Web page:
This is what California’s ‘mega-drought’ looks like up close

Lake Oroville in northern California, which helps irrigate 25 per cent of all US crops and power major hydroelectric plants, is sitting at about 37 per cent capacity, writes senior climate correspondent Louise Boyle

Monday 19 July 2021 22:43 BST
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The water level at Lake Oroville in northern California has dropped several hundred feet. It is expected to reach a record low later this summer
The water level at Lake Oroville in northern California has dropped several hundred feet. It is expected to reach a record low later this summer (Louise Boyle)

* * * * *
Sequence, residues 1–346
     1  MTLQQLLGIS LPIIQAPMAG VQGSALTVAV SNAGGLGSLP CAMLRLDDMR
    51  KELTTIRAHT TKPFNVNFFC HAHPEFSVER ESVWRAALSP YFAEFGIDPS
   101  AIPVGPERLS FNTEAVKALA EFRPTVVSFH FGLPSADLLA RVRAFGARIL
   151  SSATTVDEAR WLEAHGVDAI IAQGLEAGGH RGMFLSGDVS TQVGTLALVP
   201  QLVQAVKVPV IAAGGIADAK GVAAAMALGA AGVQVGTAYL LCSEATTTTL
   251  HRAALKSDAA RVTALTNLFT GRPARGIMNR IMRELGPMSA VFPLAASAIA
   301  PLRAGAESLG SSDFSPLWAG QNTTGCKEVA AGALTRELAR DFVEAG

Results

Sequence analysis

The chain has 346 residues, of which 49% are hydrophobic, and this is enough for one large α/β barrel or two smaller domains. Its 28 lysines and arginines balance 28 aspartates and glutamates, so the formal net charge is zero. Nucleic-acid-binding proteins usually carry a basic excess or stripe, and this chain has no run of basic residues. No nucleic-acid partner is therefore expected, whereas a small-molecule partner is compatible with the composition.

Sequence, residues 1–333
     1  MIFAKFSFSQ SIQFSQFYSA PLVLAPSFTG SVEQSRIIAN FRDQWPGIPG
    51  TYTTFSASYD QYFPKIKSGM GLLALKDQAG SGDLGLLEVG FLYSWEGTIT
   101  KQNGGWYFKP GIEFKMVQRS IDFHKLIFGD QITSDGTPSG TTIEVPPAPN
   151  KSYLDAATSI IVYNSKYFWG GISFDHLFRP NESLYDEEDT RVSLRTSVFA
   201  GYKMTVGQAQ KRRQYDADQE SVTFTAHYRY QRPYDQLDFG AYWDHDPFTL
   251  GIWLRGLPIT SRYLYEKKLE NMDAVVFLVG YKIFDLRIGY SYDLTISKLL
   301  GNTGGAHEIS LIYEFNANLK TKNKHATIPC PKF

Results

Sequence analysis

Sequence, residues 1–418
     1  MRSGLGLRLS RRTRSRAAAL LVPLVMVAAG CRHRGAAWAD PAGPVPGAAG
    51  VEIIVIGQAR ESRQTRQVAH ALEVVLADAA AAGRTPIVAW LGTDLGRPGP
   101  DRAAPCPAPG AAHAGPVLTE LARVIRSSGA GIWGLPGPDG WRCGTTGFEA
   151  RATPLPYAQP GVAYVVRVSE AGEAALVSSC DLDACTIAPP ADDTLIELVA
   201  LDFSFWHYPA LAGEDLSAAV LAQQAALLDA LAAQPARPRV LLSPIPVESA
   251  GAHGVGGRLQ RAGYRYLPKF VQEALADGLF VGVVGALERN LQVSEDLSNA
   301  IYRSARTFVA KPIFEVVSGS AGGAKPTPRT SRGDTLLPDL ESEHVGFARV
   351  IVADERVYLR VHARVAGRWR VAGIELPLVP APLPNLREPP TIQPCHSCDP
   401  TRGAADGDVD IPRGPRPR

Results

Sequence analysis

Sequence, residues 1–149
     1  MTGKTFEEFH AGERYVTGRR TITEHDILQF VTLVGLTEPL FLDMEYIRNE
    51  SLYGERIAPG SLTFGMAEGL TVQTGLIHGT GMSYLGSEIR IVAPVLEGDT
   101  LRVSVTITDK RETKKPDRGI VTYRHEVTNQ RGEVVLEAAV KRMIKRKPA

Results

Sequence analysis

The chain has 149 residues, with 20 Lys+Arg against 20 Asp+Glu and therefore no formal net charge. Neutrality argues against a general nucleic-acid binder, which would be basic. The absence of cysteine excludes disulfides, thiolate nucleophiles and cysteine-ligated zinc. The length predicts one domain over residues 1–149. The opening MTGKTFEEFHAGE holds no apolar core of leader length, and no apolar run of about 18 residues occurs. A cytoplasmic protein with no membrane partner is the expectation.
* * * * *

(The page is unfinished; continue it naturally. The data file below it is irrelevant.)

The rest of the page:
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Even if you care deeply about the climate crisis, the barrage of daily headlines can be hard to wrap your mind around.

Take the “mega-drought” currently gripping California, for instance. The Golden State’s reservoirs are 50 per cent lower than usual this time of year, a situation so perilous that an emergency has been declared in 41 of 58 counties.

Alarming figures but what does that mean on the ground? I had a first-hand look earlier this month in Butte County while reporting on California’s looming wildfire season.

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